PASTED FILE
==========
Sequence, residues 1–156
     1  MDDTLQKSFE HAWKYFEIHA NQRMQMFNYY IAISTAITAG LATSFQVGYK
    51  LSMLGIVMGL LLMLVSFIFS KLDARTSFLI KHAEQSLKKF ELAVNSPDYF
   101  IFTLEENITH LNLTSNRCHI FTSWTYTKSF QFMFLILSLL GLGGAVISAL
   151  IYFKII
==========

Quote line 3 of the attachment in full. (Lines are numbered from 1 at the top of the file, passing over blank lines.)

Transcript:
    51  LSMLGIVMGL LLMLVSFIFS KLDARTSFLI KHAEQSLKKF ELAVNSPDYF